Here's a friendly warning from El Reg: don't wipe the wrong directory from your Linux system, or you may end up bricking the computer. This has happened to people, we're told.
The directory in question is /sys/firmware/efi/efivars which is a special filesystem that presents the configuration settings for the computer's underlying UEFI firmware to the user. These configuration variables are used to control the way the motherboard firmware starts up the system and boots your operating system. Changing the files in this directory therefore changes these respective variables in the firmware.
If that efivars file system is mounted with read-write access, and its contents are deleted by a privileged user, then you'll blow away all of those settings. If your firmware code is badly written, it could be confused by the lack of settings during the next boot, and completely fail to start up.
This has apparently happened: someone said they managed to nuke their MSI notebook by wiping the efivars directory. The computer fails to get past even the power-on self-test, rendering it truly bricked, we're told. The user wanted to install a new OS, and so ran rm -rf / for laughs as root – a command that wipes all files from the file system, including ones in the efivars directory – and next found the machine unbootable.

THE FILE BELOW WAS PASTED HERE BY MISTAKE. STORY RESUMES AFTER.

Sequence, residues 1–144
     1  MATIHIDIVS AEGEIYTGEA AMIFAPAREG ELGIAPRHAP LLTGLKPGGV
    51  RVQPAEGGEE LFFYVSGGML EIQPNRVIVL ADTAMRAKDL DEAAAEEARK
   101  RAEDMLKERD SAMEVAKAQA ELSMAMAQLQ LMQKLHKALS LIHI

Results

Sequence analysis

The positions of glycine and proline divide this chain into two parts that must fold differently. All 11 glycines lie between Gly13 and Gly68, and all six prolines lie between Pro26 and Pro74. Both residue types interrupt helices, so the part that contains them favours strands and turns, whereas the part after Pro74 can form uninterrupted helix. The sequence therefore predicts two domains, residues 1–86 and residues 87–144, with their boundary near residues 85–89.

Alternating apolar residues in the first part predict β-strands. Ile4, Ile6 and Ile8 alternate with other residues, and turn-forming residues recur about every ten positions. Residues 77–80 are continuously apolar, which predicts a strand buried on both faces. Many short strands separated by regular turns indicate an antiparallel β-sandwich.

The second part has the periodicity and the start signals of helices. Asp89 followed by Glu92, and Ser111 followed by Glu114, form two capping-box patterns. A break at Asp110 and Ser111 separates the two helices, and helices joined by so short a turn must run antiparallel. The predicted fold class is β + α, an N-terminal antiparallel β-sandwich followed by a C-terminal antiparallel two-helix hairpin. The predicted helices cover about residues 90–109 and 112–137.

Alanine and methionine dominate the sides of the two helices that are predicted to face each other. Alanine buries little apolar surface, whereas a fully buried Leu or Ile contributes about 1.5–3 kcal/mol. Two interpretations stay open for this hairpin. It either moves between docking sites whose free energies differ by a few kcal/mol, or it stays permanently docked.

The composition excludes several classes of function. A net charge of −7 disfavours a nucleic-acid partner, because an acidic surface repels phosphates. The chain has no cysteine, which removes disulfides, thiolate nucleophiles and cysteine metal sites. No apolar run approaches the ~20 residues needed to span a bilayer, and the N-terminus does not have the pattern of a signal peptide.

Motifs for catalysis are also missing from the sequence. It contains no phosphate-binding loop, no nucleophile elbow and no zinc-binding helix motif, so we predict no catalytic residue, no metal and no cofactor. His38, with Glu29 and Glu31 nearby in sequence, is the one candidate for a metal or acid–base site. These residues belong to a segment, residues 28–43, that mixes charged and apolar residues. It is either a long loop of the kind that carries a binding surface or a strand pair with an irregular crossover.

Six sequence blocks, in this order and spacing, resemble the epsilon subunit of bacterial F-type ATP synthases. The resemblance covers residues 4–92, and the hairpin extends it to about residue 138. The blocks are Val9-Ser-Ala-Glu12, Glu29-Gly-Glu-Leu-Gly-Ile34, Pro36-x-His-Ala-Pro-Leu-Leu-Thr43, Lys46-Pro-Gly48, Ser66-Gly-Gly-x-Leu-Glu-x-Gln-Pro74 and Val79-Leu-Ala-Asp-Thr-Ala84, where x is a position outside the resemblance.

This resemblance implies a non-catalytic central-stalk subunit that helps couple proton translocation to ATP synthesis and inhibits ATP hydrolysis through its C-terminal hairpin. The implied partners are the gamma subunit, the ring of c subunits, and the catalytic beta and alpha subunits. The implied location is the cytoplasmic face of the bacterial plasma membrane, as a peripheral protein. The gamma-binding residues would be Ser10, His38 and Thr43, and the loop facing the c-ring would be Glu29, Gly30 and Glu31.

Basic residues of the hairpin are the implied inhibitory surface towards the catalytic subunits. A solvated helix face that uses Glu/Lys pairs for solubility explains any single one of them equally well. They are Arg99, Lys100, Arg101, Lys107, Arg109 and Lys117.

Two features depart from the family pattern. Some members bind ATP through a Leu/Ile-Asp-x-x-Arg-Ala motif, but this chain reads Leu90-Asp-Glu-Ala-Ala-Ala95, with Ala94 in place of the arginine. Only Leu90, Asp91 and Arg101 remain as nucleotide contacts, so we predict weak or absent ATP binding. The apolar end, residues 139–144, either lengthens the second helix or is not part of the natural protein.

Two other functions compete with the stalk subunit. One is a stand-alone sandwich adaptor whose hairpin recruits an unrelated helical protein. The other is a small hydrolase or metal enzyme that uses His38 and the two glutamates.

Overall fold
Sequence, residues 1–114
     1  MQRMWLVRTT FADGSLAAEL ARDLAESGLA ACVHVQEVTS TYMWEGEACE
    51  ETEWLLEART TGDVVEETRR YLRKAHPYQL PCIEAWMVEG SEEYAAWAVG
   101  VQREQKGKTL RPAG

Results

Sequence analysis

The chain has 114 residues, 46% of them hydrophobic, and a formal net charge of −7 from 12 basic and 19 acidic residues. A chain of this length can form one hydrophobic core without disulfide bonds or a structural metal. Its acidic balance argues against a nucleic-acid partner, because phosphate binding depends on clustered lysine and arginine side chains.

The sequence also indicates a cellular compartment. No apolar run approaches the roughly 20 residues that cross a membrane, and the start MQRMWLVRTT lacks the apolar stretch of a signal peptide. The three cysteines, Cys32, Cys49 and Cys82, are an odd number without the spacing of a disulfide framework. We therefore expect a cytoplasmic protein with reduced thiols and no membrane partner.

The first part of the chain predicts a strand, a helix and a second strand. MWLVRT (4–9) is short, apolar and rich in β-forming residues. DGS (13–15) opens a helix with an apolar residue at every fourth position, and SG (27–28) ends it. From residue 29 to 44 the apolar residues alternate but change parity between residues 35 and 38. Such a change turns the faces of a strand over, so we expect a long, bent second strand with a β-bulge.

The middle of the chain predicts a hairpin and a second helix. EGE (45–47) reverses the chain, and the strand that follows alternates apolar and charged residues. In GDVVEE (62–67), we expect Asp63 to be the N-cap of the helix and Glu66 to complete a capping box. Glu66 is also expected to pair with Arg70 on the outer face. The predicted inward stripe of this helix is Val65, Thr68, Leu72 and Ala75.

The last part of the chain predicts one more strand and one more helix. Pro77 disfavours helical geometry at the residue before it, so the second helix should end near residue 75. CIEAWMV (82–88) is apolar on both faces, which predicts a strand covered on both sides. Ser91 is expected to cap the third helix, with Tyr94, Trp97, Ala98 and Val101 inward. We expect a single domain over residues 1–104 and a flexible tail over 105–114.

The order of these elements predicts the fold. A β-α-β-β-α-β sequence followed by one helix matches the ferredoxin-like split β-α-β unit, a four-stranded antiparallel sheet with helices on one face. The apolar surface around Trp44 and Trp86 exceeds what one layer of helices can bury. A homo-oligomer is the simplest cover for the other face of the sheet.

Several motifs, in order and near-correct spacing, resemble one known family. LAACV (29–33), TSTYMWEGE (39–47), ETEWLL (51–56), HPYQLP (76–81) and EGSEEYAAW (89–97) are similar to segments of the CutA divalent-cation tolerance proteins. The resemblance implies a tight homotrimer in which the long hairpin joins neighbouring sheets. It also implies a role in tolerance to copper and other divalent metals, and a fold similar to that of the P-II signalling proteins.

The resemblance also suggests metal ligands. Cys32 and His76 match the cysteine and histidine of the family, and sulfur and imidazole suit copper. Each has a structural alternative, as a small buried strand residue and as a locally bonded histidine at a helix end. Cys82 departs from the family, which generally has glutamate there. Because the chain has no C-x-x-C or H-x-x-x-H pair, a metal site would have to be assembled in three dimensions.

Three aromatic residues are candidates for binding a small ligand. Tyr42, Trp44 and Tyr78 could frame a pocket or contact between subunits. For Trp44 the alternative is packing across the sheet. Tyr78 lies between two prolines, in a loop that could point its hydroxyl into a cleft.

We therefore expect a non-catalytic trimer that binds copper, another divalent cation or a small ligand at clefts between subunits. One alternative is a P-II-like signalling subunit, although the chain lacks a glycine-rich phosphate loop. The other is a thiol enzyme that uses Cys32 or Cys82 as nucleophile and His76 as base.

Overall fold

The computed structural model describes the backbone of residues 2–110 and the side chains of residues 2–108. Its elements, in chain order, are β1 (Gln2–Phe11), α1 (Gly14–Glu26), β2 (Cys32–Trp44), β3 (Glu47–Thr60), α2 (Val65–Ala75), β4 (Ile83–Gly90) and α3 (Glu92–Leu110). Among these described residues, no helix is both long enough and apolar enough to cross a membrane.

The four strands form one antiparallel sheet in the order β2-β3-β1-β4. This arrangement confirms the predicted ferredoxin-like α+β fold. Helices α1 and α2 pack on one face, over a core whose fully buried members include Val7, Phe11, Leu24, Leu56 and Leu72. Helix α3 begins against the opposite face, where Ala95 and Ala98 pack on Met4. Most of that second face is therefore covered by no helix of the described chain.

Of course, running rm -rf / is dumb, but what's really dumb is bricking a machine by deleting the wrong file.
The problem surfaced in a systemd bug report that was quickly closed, but reanimated over the weekend by frustrated users. This problem isn't specific to systemd, though, it's just that systemd mounts efivars as read-write by default – any non-systemd Linux distro could choose to do the same.
The variables are presented as read-write so that, for example, the utility efibootmgr can do its stuff. Mounting the file system as read-only will break a bunch of tools.
Matthew Garrett, an expert on low-level code in Linux, said this issue isn't even specific to the open-source kernel – software running as administrator on Windows could trigger the same failure in the firmware, although we note that the danger is live on Linux systems that provide efivars as read-write by default.
On Monday, Garrett suggested a temporary kernel patch to block destructive write operations on efivars files. This is a workaround: the problem lies in clumsy firmware that falls over if it finds all of its runtime variables are missing.
"Systemd is not responsible for allowing kernel code that I wrote to destroy your shitty firmware," Garrett tweeted. "I think you get to blame me instead."
For now, go easy on the sudo rm, OK? ®